Publishers Weekly Reviews
America in the near future has lost the war against drugs. Though the government tries to protect the upper class, the system is infested with undercover cops like Fred, who regularly ingests the popular Substance D as part of his ruse. The drug has caused Fred to develop a split personality, of which he is not aware; his alter ego is Bob, a drug dealer. Fred's superiors then set up a hidden holographic camera in his home as part of a sting operation against Bob. Though he appears on camera as Bob, none of Fred's co-workers catch on: since Fred, like all undercover police, wears a scramble suit that constantly changes his appearance, his colleagues don't know what he looks like. The camera in Fred/Bob's apartment reveals that Bob's intimates regularly betray one another for the chance to score more drugs. Even Donna, a young dealer whom Bob/Fred loves, prefers the drug to human contact. Originally published in 1977, the out-of-print novel comes frighteningly close to capturing the U.S. in 1991, in terms of the drug crisis and the relationships between the sexes. But the unrelenting scenes among the addicts make it a grueling read. (Dec.) Copyright 1991 Cahners Business Information.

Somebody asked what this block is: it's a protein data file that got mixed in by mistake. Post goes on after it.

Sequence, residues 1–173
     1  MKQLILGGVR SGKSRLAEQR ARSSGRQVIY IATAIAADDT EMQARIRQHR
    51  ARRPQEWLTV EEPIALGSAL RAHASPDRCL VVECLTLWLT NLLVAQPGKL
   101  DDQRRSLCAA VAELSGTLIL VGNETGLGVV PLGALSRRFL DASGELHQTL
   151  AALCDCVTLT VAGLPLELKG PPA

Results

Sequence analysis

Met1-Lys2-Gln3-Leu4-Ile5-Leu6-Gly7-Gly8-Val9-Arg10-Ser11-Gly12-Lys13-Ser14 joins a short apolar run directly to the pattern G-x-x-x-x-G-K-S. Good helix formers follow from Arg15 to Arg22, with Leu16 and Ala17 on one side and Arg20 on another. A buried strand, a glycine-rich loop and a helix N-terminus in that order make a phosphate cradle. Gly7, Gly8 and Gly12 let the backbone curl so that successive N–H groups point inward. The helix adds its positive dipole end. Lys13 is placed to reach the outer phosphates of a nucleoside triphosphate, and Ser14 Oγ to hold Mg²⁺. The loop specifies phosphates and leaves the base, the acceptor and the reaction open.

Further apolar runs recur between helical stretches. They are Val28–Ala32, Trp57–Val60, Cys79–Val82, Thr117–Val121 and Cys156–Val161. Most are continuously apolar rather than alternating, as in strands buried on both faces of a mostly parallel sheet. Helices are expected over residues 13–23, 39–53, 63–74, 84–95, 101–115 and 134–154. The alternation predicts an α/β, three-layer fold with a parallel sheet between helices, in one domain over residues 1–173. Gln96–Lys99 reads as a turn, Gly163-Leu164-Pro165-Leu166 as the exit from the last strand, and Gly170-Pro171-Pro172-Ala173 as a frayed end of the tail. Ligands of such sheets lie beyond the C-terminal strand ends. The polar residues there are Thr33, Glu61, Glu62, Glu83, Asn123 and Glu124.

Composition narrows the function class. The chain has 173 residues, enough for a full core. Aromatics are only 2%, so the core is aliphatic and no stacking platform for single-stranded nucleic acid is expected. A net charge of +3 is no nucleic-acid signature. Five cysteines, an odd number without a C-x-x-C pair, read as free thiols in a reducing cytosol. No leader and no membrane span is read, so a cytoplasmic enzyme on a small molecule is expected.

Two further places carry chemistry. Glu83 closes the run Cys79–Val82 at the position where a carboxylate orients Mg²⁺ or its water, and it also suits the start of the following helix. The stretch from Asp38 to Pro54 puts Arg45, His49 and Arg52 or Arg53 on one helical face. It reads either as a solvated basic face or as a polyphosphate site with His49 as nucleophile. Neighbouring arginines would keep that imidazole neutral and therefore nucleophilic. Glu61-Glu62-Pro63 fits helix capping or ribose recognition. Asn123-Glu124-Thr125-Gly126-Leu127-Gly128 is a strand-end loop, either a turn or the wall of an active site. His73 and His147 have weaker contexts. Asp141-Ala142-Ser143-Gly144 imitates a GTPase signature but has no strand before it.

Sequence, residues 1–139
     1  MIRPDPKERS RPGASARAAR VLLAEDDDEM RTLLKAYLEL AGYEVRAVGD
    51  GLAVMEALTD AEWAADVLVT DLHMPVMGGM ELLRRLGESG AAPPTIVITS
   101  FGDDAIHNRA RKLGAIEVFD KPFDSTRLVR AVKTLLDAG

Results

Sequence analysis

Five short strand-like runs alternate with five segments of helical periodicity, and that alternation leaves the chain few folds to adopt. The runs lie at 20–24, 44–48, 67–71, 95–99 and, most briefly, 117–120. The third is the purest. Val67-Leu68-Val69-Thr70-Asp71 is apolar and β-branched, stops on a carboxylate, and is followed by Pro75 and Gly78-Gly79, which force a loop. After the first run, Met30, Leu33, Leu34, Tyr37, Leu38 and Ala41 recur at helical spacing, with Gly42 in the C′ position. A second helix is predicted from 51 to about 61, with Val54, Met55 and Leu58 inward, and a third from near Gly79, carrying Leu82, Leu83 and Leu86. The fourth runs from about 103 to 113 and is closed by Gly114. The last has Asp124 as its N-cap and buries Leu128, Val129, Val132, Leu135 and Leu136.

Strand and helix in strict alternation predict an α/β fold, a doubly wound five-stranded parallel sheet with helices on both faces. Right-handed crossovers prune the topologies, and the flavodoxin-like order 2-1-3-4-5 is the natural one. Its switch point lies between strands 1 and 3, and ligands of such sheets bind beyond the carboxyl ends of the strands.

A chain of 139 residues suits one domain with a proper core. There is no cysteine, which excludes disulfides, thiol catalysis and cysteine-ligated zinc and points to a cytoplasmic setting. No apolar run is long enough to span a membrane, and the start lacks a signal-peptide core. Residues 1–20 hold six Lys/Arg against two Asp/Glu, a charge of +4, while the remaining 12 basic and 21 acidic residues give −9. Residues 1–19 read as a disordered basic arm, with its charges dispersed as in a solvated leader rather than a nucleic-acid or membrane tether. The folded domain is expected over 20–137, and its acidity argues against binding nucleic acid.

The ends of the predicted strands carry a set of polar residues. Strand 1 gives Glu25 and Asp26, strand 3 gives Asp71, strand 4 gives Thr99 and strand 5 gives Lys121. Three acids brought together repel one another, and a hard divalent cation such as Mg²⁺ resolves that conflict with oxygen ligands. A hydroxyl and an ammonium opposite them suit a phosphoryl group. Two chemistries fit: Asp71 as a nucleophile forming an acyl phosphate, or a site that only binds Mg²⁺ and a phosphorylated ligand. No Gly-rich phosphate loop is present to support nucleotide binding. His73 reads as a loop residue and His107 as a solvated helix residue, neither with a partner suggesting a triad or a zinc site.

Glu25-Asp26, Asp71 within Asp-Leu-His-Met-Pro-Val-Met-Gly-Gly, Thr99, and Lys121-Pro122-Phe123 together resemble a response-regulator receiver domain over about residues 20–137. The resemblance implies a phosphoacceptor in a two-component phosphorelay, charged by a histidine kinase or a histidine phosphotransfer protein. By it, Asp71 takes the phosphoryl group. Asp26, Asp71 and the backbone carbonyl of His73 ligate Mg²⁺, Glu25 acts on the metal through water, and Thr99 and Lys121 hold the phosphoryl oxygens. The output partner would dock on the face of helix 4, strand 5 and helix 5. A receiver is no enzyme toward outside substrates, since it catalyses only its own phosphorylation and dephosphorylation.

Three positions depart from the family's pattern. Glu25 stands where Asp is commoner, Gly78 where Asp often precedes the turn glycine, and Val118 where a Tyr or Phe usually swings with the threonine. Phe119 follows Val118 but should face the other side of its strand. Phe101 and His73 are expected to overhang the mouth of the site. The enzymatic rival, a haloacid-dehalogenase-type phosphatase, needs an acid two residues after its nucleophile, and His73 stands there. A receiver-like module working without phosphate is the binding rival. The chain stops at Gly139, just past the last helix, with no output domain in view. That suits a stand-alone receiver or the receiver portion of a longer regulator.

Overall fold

A drug dealer of the future periodically moves away from his spaced-out world to become an informer for narcotics agents until he becomes unable to separate his two personalities - (Baker & Taylor)
A drug dealer of the future periodically moves away from his spaced-out world to become an informer for narcotics agents until he becomes unable to separate his two personalities. Reissue. (A Warner Independent Pictures film, written & directed by Richard Linklater, releasing March 2006, starring Keanu Reeves, Winona Ryder, Robert Downey, Jr., Woody Harrelson, & Rory Cochrane) (Science Fiction) - (Baker & Taylor)
Bob Arctor is a dealer of the lethally addictive drug Substance D. Fred is the police agent assigned to tail and eventually bust him. To do so, Fred takes on the identity of a drug dealer named Bob Arctor. And since Substance D--which Arctor takes in massive doses--gradually splits the user's brain into two distinct, combative entities, Fred doesn't realize he is narcing on himself.
Caustically funny, eerily accurate in its depiction of junkies, scam artists, and the walking brain-dead, Philip K. Dick's industrial-grade stress test of identity is as unnerving as it is enthralling. - (Random House, Inc.)